The Republic HTML version

Such is the good and true City or State, and the good and true man is of the same pattern;
and if this is right every other is wrong; and the evil is one which affects not only the
ordering of the State, but also the regulation of the individual soul, and is exhibited in
four forms.
What are they? he said.
I was proceeding to tell the order in which the four evil forms appeared to me to succeed
one another, when Polemarchus, who was sitting a little way off, just beyond
Adeimantus, began to whisper to him: stretching forth his hand, he took hold of the upper
part of his coat by the shoulder, and drew him towards him, leaning forward himself so as
to be quite close and saying something in his ear, of which I only caught the words, 'Shall
we let him off, or what shall we do?'
Certainly not, said Adeimantus, raising his voice.
Who is it, I said, whom you are refusing to let off?
You, he said.
I repeated, Why am I especially not to be let off?
Why, he said, we think that you are lazy, and mean to cheat us out of a whole chapter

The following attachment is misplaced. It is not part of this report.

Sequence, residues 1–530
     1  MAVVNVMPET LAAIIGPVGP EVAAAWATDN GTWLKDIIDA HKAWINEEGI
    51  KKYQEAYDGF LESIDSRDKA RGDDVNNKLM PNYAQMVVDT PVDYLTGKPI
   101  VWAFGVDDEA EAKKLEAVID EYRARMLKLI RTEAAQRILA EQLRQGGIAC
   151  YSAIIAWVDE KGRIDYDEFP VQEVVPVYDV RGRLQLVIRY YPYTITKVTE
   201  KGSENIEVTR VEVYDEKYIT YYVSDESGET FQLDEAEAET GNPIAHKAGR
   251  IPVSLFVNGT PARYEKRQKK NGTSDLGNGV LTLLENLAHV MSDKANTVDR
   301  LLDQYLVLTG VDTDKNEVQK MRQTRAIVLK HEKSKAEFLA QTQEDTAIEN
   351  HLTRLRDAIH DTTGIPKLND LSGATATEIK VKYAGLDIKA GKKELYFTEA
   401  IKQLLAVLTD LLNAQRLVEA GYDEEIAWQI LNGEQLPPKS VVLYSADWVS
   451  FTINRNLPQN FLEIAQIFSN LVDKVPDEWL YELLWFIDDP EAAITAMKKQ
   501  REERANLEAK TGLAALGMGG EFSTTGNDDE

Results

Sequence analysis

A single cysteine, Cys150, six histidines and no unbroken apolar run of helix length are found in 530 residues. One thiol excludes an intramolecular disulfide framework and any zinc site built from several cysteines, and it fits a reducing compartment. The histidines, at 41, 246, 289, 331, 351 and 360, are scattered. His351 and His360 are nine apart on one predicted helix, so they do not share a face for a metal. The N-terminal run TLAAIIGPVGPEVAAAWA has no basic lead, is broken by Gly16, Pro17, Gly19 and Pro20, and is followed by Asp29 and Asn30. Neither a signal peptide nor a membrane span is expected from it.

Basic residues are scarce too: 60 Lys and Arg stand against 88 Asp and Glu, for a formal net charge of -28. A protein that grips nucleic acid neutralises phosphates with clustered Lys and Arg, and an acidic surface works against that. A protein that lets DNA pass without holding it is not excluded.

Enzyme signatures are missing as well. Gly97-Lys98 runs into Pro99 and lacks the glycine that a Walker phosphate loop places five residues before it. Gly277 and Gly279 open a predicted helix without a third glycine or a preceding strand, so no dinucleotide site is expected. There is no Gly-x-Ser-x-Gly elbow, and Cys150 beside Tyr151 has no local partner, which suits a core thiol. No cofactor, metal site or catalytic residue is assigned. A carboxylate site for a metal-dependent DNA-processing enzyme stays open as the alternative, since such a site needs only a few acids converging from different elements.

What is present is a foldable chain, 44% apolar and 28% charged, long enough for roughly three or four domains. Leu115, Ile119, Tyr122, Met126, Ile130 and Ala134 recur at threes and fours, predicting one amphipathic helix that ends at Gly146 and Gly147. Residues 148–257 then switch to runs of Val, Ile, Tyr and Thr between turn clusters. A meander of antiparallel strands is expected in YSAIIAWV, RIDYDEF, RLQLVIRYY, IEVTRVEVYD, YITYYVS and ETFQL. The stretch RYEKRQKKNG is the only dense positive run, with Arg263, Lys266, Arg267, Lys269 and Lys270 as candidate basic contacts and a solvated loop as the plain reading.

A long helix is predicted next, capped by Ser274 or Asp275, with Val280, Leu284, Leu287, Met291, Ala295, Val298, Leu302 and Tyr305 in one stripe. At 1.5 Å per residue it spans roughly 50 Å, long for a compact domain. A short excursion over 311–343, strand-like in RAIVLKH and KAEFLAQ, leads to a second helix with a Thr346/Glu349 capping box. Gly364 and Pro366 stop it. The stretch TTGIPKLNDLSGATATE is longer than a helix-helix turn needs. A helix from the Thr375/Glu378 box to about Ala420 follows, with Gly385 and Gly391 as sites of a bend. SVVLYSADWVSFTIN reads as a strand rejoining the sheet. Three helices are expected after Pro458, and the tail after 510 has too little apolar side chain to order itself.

which is a very important part of the story; and you fancy that we shall not notice your
airy way of proceeding; as if it were self-evident to everybody, that in the matter of
women and children 'friends have all things in common.'
And was I not right, Adeimantus?
Yes, he said; but what is right in this particular case, like everything else, requires to be
explained; for community may be of many kinds. Please, therefore, to say what sort of
community you mean. We have been long expecting that you would tell us something
about the family life of your citizens--how they will bring children into the world, and
rear them when they have arrived, and, in general, what is the nature of this community
of women and children--for we are of opinion that the right or wrong management of
such matters will have a great and paramount influence on the State for good or for evil.
And now, since the question is still undetermined, and you are taking in hand another
State, we have resolved, as you heard, not to let you go until you give an account of all
To that resolution, said Glaucon, you may regard me as saying Agreed.
And without more ado, said Thrasymachus, you may consider us all to be equally agreed.